Patience is a virtue many possess, yet so few practice. He remembers hearing that somewhere. So much of his life is scattered to the wind, forged again only in dreams and in those rare moments where he slips into a comatose state, his mind halfway between heaven and hell (an island; it's always an island).
"Why are you here?"
The southern twang to her voice is strangely endearing; it seems to settle him during those moments where he can't find himself (or anyone else, for that matter). It hurts to see her now, her expression a mixture of resignation and distrust.
"Can't I call round anymore?"
She folds her arms, her light hair fluttering carelessly in the breeze.
"You stood me up, Littleton."
"Which time?" he asks, his voice broken.
And, just like that, her expression breaks too. She bites her lip, turns her head, and fights back tears. Theirs is a relationship that struggles and burns with time, occasionally reigniting like a dying flame. He disappears for lengthy amounts of time, unable to explain where he's been but she knows. (You've been trying to find it again, haven't you?)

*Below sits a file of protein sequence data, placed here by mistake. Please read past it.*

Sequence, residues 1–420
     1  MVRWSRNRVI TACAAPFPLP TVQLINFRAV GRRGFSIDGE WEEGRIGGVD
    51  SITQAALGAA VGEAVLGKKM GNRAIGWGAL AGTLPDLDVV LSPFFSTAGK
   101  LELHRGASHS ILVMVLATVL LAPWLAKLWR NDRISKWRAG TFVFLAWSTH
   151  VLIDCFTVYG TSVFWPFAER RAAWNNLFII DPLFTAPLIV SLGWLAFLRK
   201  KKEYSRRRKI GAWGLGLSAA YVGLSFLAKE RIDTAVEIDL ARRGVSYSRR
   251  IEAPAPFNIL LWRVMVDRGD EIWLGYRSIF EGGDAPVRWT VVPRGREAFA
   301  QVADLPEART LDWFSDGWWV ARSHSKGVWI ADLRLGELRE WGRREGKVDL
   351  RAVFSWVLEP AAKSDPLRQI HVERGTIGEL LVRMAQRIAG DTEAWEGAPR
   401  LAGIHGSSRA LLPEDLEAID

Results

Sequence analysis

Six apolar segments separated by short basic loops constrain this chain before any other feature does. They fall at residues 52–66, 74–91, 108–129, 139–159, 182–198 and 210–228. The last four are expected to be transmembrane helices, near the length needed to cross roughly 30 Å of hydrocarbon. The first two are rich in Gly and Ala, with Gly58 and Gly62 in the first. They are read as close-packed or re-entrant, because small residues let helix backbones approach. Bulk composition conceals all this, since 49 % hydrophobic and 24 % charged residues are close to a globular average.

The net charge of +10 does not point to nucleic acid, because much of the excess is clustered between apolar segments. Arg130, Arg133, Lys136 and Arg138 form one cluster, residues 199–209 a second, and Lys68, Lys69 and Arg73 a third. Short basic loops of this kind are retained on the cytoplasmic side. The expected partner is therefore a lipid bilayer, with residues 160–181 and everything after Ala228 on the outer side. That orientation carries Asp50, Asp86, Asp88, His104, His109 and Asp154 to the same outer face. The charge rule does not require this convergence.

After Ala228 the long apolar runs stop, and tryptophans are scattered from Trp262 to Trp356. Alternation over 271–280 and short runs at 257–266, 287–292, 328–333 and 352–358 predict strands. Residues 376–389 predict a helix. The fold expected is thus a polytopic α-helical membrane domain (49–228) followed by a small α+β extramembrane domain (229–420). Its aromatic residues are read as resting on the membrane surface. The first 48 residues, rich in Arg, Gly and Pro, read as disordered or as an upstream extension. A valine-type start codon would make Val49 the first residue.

He doesn't know why they keep finding their way back to each other. It's not a healthy relationship to sustain, with one always coming and going and one always waiting and hoping (knowing the answer is never going to change).
Cass simply says only time will tell whether or not they'll manage to stay together.
Kate and Sawyer simply share a look and a smile (they think he doesn't see it). And he thinks maybe they know a little something about chasing love which, like catching a butterfly, might seem to be a permanent thing, only for it to fly away the moment your fingers start to slip.
They're both running.
He's running to belong. She's running to find somewhere stable to call home.
Their desires are one and the same thing. And sooner later they'll realize both paths circle back to each other.